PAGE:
). The protein was further purified by concentrating it in an Amicon apparatus with a 200 kD molecular weight cutoff filter, where it was crystallized as microcrystals. The microcrystals were harvested and redissolved in pH 6.8 phosphate buffer (40 mM) containing 0.2% decylmaltoside to generate the crystallization protein stock. This as-prepared resting oxidized enzyme has a Soret absorption peak at 424 nm, characteristic of the “fast” enzyme (
      • Baker G.M.
      • Noguchi M.
      • Palmer G.
      The reaction of cytochrome oxidase with cyanide. Preparation of the rapidly reacting form and its conversion to the slowly reacting form.
      ,
      • Moody A.J.
      • Cooper C.E.
      • Rich P.R.
      Characterisation of 'fast' and 'slow' forms of bovine heart cytochrome-c oxidase.
      ) (Fig. 2). The crystals were grown in pH 6.8 phosphate buffer (40 mM) with 0.2% decylmaltoside and 2.5% PEG4000, using an under-oil batch method. Nanocrystal seeds were included in the crystallization solution to ensure the reproducibly of the crystals. To produce the seeding solution, large crystals were crashed and sonicated in the mother solution. The large plate-like crystals, with a typical size of 400 × 400 × 80 μm, were harvested and cryoprotected by 45% ethylene glycol using a stepwise soaking protocol. The crystals were then flash frozen in liquid nitrogen.

      Diffraction and optical absorption measurements

      The before and after annealing diffraction data were obtained at a cryogenic temperature (100 K) at the beamline BL9-2 at the SSRL. The X-ray beam size was 100 × 60 μm, and the photon flux was 4.3 × 1010 (photons/s). We first acquired an absorption spectrum of the fully oxidized crystal to ensure its integrity. We then collected the first set of diffraction data to determine its structure. After the diffraction measurement, we acquired another absorption spectrum to examine X-ray-induced changes to the redox centers. We next blocked the cold nitrogen stream, which maintained the temperature of the crystal at 100 K, for 2 s until the temperature of the crystal was raised above the protein glass transition temperature (∼200 K), to promote the relaxation of the protein matrix. We then acquired a new set of diffraction data to determine the structural impact of the annealing. We acquired the absorption spectra of the crystal before and after the second diffraction measurement to examine the annealing-induced structural changes and the impact of the second X-ray exposure.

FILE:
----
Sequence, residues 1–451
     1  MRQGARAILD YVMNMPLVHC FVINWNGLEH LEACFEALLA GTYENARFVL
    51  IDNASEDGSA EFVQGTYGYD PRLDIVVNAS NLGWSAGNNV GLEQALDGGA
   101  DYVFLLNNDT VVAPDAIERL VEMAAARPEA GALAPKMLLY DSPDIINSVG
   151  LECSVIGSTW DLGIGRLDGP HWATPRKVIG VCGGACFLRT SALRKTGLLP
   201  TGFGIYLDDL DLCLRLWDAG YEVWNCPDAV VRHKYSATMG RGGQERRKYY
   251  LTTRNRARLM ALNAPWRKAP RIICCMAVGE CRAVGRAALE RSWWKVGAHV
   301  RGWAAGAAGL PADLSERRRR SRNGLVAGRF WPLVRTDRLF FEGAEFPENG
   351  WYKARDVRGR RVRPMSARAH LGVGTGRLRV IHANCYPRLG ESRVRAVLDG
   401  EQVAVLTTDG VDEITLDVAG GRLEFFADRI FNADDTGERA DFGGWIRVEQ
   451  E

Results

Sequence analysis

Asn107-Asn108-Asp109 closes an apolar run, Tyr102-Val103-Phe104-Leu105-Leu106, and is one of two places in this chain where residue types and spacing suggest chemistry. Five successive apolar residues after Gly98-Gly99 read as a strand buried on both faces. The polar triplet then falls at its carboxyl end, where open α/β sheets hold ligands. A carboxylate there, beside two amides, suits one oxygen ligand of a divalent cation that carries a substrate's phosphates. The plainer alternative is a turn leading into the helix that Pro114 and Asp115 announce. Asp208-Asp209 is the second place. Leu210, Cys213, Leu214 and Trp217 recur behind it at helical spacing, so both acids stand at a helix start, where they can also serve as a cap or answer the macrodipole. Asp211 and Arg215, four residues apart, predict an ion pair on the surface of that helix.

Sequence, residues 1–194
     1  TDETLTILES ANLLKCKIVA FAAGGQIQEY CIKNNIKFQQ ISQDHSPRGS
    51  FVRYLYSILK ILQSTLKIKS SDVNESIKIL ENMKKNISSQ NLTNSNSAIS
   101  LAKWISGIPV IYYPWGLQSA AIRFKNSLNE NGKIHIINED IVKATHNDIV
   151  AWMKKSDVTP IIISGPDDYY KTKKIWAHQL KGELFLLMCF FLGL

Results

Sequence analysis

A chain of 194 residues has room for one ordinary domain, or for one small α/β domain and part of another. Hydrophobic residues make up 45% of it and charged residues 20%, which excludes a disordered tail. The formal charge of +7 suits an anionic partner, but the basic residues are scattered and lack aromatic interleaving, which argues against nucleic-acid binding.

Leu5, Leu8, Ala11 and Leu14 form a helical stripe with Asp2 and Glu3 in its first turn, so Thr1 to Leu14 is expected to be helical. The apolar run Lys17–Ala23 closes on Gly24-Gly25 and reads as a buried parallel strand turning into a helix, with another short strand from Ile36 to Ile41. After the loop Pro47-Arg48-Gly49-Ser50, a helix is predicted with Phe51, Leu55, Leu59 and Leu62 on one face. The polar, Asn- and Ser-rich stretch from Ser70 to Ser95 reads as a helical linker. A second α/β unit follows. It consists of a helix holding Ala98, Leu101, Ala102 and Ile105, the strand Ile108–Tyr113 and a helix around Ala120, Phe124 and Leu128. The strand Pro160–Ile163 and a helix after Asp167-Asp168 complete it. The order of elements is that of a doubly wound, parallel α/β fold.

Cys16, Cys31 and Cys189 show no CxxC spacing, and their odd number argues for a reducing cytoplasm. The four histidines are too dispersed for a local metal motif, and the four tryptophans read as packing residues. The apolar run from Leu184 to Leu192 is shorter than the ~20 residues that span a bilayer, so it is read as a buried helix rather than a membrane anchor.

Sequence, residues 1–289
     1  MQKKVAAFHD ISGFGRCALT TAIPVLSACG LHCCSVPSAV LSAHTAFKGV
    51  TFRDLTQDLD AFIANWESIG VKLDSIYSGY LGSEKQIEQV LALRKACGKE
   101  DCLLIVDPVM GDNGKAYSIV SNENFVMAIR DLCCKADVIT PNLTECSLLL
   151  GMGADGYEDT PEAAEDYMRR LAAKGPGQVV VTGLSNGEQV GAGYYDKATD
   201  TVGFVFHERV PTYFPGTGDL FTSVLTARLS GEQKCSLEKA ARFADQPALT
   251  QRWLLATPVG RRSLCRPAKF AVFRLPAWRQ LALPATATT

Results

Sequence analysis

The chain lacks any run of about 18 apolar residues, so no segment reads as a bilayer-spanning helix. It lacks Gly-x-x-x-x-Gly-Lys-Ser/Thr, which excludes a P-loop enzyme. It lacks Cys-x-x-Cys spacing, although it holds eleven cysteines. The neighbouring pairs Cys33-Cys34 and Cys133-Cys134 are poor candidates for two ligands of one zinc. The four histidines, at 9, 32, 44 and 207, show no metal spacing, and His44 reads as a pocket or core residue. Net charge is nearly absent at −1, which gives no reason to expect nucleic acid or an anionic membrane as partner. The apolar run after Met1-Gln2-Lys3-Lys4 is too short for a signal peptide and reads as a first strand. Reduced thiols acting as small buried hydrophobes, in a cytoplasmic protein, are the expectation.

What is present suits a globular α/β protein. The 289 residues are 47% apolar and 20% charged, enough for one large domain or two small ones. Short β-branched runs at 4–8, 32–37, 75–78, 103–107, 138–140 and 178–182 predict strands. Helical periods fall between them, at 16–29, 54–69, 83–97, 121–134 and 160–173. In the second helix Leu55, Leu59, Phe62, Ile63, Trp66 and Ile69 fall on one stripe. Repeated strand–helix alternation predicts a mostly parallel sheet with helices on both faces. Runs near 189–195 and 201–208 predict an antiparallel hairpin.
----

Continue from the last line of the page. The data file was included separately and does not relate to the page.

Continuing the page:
All the absorption spectra were obtained in situ with a microspectrometer equipped at the beamline BL9-2. The light beam, coinciding with the X-ray beam, was directed to the sample along the shortest axis of the plate-like crystal, to ensure that the whole spectrum in the 400 to 1000 nm region could be measured without saturation problems. The spot size of the light beam (∼50 × 50 μm) was much smaller than that of the X-ray beam (∼100 × 60 μm), which ensured that only the X-ray-irradiated area was probed.
      The X-ray diffraction data of the resting oxidized O and fully reduced R crystals were acquired at the APS at the Argonne National Laboratory as references. The X-ray beam size was 110 × 80 μm, the photon flux was 3.6 × 1012 (photons/s). The fully reduced R crystal was prepared by soaking the O crystal with dithionite under anaerobic conditions. The complete reduction of the crystal was confirmed by optical absorption measurements.

      Diffraction data analysis

      The diffraction images were indexed, integrated, and scaled with XDS (
      • Otwinowski Z.
      • Minor W.
      Processing of X-ray diffraction data collected in oscillation mode.
      ) and AIMLESS (
      • Evans P.R.
      • Murshudov G.N.
      How good are my data and what is the resolution?.
      ). Molecular replacement was conducted with Phaser (
      • McCoy A.J.
      Solving structures of protein complexes by molecular replacement with Phaser.
      ,
      • McCoy A.J.
      • Grosse-Kunstleve R.W.
      • Adams P.D.
      • Winn M.D.
      • Storoni L.C.
      • Read R.J.
      Phaser crystallographic software.
      ) through the CCP4i graphic interface (